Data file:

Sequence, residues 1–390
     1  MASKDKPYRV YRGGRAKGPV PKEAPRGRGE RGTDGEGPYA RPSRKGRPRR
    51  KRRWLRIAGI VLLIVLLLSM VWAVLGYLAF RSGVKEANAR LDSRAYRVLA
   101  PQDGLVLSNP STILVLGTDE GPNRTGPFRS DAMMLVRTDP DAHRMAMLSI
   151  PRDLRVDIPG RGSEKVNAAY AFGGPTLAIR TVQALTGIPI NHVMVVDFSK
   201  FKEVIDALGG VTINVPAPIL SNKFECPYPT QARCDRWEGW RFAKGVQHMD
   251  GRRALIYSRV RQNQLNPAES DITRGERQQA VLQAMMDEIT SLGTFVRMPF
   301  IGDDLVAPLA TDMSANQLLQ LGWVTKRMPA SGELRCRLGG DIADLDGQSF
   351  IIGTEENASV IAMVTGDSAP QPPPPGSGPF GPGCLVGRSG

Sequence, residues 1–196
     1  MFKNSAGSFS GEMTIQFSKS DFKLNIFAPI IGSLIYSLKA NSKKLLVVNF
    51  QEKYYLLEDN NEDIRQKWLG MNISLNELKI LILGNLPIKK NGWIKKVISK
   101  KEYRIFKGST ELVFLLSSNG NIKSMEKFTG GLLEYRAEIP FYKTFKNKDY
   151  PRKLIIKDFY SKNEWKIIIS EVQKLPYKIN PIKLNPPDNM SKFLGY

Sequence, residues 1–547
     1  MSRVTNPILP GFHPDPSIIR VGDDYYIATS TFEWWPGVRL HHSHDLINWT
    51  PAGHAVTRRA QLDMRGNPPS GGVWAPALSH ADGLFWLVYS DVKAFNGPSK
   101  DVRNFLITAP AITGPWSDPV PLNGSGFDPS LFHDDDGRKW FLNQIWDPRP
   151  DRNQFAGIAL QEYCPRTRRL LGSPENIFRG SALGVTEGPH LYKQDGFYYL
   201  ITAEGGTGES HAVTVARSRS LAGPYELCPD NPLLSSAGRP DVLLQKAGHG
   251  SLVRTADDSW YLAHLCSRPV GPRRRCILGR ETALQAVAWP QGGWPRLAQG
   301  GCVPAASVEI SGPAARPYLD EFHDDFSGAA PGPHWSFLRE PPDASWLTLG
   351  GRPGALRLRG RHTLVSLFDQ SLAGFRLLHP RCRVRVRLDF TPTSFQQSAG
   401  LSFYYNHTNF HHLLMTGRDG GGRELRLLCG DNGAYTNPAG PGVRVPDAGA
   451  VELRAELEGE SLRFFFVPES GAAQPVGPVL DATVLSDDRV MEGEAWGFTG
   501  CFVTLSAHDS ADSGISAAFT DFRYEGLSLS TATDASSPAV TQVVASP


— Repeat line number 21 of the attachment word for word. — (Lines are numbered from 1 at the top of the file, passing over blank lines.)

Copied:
   251  SLVRTADDSW YLAHLCSRPV GPRRRCILGR ETALQAVAWP QGGWPRLAQG